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Health

Male contraceptive gel shows promise in early-stage clinical trials

In the field of reproductive health, male birth control appears to be a long-standing quest. Recently, a combined hormonal topical gel has shown promise in suppressing sperm production in a shorter period of time than investigational products tested in other clinical trials. Preliminary results were presented this week at the Endocrine Society’s annual meeting in Boston.

The study, part of phase 2b trials, included 222 men who received at least three weeks of daily treatment with a gel made from segesterone acetate and testosterone, a progestin medication. The compound was developed by the Population Council, a nonprofit organization that focuses on reproductive health, in collaboration with the National Institutes of Health.

As part of the trial, researchers performed sperm count tests every four weeks to assess sperm suppression. They aimed for a sperm count of 1 million or less per milliliter for effective contraception. The normal sperm count is between 15 and 200 million sperm per milliliter of semen. By week 15, 86 percent of participants had reached the low threshold, with sperm production generally suppressed by the eighth week of treatment.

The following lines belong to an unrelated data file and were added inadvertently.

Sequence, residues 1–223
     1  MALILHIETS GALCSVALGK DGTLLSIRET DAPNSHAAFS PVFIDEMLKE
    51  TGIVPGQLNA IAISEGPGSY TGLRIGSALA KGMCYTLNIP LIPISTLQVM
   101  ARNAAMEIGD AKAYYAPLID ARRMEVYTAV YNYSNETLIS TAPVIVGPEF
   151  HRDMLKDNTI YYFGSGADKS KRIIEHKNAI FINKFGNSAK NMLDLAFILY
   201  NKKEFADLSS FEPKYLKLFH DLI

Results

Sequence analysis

Diana Blithe, head of the contraceptive development program at the National Institutes of Health, said the results marked an important milestone and said she views male contraception as much of a men’s health issue as a women’s.

Blithe said women who participated in the clinical trials with their partners felt relieved when they were able to stop using hormonal birth control for the duration of the study.

“Many women have difficulty with various contraceptive methods, and an eye-opening aspect of the clinical trial was listening to women and understanding what it meant for them to participate in the study, particularly when they could stop. using their birth control for a year,” Blithe said.

The only effective forms of birth control available commercially for men are vasectomies, which are not easily reversible, and condoms, which have little acceptance.

Here is what you need to know about the gel studied and the state of research on male contraception.

News Source : www.washingtonpost.com
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